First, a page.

The Internal Revenue Service (IRS) has created a stringent collection of filing requirements for investors across a broad array of interests and disciplines. Understanding the basic information needed for particular forms of investments, such as when individual short sale securities, can help ensure that you don't incur any unexpected penalties or fines when filing your taxes at year end.
Understanding Short Sales
A short sale refers to borrowing stocks from another investor and selling them at prevailing prices. If the stock's price declines later, you can buy the same amount of shares back for less, return them to the investor and pocket a profit equal to the decline in the stock's value. Should the stock price advance, you will lose money. In either situation, the short sale tax implications are equally important for all investors
Looking for Reporting Requirements
Confusion might arise on how to report the short sale if you short the stock during one tax year and buy it back the following year. Naturally, your brokerage statements will show a sale, but there will not yet be a purchase price or net profit or loss to report. This conundrum may lead to some confusion for investors who are eager to solidify their short sale tax filing plans.
Obtaining the Appropriate Forms
Download Form 8949, "Sales and Other Dispositions of Capital Assets," from the Internal Revenue Service website. You will report the sales proceeds for all trades that occurred during the tax year on this form. If you have purchased a stock, but have not sold it as of the end of the year, the sale will not be reported on this form. However, if you have a short sale, even if you have not yet bought the stock back and the trade is still "open," you must report the sales proceeds from the sale on Form 8949.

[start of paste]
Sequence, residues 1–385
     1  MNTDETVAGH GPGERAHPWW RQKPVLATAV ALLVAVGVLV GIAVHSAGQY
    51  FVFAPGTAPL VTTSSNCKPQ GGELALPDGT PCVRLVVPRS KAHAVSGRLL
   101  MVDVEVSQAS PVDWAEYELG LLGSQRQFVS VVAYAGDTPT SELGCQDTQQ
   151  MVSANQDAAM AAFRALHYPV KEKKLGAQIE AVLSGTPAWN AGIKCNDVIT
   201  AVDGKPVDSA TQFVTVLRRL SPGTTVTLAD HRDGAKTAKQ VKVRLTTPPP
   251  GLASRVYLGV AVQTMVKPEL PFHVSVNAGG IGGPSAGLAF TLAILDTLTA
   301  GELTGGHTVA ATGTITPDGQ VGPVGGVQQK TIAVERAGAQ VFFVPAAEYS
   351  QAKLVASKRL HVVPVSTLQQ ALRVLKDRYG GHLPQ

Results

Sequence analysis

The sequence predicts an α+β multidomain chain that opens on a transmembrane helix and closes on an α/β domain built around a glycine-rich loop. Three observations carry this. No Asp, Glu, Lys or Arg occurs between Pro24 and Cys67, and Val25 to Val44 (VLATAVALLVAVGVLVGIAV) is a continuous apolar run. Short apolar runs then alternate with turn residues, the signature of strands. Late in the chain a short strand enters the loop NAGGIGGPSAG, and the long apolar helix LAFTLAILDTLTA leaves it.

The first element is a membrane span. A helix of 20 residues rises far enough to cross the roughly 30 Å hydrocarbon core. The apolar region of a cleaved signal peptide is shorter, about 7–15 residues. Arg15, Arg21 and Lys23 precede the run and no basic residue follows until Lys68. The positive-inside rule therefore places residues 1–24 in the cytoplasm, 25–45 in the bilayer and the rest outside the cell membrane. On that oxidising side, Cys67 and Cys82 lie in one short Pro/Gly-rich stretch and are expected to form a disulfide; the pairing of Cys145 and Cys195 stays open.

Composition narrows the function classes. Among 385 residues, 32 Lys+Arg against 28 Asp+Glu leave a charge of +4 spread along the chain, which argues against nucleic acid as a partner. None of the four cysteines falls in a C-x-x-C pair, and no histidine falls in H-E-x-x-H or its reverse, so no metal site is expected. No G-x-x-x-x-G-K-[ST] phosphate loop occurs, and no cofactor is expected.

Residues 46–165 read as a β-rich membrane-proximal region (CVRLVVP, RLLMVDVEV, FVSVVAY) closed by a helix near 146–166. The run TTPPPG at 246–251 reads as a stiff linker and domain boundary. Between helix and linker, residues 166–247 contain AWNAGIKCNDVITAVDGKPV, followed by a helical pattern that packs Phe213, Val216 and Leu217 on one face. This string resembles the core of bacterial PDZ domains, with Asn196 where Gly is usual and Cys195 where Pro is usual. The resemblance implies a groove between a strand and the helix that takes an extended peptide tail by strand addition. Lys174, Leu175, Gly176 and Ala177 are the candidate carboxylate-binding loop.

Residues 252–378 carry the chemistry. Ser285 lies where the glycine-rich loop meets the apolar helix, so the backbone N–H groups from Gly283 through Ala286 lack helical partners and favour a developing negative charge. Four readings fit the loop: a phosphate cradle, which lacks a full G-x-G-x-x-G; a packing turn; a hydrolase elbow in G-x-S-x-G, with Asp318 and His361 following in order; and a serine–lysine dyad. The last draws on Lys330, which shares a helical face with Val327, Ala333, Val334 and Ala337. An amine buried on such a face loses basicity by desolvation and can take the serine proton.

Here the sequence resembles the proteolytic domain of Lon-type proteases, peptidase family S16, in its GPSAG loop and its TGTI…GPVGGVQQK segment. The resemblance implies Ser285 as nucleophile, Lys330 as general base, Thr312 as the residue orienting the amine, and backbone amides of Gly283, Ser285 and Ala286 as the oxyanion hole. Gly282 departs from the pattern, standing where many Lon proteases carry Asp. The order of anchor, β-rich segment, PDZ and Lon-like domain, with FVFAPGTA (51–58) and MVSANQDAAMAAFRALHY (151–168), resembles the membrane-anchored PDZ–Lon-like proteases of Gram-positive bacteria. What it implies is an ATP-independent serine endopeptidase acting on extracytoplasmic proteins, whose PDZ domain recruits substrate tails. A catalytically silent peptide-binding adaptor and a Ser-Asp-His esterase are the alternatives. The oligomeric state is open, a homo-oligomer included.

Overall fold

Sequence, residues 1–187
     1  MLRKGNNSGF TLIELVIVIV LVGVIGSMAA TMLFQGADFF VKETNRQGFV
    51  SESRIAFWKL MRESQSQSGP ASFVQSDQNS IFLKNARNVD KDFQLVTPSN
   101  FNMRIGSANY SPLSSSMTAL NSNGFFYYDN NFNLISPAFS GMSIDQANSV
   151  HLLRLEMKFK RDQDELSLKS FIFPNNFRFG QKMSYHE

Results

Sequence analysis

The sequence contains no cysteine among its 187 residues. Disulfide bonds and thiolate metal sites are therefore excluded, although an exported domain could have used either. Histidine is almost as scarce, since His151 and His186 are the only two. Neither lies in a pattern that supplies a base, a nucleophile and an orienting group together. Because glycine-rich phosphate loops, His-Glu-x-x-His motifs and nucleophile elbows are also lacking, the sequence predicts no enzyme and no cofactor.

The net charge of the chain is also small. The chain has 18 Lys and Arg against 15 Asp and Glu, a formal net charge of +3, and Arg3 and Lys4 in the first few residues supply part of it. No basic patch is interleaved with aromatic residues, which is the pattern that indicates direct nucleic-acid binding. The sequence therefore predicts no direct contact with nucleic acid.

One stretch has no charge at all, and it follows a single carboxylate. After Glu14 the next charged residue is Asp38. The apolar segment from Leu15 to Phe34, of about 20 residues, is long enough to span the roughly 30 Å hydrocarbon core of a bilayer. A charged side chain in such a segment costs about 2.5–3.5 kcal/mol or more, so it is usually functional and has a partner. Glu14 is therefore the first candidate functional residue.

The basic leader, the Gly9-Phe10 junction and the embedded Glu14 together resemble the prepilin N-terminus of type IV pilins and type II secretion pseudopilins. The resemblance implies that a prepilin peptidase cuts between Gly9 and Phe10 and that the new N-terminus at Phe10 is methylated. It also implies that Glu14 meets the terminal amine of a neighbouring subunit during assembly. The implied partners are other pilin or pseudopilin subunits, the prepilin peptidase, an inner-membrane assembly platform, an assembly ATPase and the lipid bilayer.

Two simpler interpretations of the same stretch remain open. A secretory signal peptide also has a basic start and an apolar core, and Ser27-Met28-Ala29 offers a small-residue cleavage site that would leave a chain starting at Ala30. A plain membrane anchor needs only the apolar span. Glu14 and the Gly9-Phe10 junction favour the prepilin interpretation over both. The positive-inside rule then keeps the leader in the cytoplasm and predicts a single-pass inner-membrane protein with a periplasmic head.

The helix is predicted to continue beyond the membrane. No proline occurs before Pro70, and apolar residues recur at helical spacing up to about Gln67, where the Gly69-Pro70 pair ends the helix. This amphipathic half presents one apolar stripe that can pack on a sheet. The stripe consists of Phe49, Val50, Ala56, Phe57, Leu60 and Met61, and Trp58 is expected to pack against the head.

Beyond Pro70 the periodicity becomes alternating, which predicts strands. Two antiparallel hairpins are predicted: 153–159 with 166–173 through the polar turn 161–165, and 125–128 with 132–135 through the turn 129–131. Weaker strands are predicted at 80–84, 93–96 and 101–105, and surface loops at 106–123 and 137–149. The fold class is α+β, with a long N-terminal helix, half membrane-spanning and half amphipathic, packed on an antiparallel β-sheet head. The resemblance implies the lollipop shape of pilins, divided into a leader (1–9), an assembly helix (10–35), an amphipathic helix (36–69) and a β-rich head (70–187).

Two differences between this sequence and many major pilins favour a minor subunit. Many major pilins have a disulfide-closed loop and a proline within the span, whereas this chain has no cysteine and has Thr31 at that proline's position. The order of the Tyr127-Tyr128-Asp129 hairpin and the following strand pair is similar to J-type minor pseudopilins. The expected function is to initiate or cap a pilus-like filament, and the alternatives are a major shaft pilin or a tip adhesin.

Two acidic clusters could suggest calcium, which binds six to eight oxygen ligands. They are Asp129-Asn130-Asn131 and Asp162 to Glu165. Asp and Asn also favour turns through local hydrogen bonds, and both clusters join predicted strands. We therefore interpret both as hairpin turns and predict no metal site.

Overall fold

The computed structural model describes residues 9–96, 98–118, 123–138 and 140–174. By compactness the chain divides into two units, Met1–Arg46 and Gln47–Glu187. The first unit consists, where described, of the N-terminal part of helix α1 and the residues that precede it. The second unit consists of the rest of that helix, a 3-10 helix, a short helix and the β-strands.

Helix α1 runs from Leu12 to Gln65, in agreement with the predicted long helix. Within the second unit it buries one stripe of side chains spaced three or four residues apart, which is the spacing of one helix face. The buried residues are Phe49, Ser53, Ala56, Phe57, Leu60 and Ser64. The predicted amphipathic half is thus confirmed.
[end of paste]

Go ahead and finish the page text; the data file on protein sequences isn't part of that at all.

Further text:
The instructions for Form 8949 direct you to enter the description of property, which can be your stock's ticker symbol, in Column A of Part 1 on the first page of the form. Leave Column B (date acquired) blank, because you have sold, but not yet acquired, the stock. Column C holds the date you sold the shares. Column D is where you'll enter the total sales proceeds.
Column E is for reporting cost or other basis. Leave Columns F and G blank (adjustment to your gain or loss and its associated code) because you have not yet completed this transaction. Subtract the amount in Column E from the amount in Column D and enter this amount in Column H.
Reporting Your Short Sale Securities
Report the gain or loss from the short sale in the tax filing of a subsequent year. While it is rare for an investor to keep an open short position for more than a year, you can, in theory, cover the short after several years.
On the tax return of the year when you buy back the stock, report the gain or loss just as you do for any stock. Your net gain or loss is, as usual for stock transactions, the difference between your net sales proceeds and your net cost. The only difference in case of a short sale is that the sale occurs before the purchase. This, however, does not change the basic math.
Hunkar Ozyasar is the former high-yield bond strategist for Deutsche Bank. He has been quoted in publications including "Financial Times" and the "Wall Street Journal." His book, "When Time Management Fails," is published in 12 countries while Ozyasar’s finance articles are featured on Nikkei, Japan’s premier financial news service. He holds a Master of Business Administration from Kellogg Graduate School.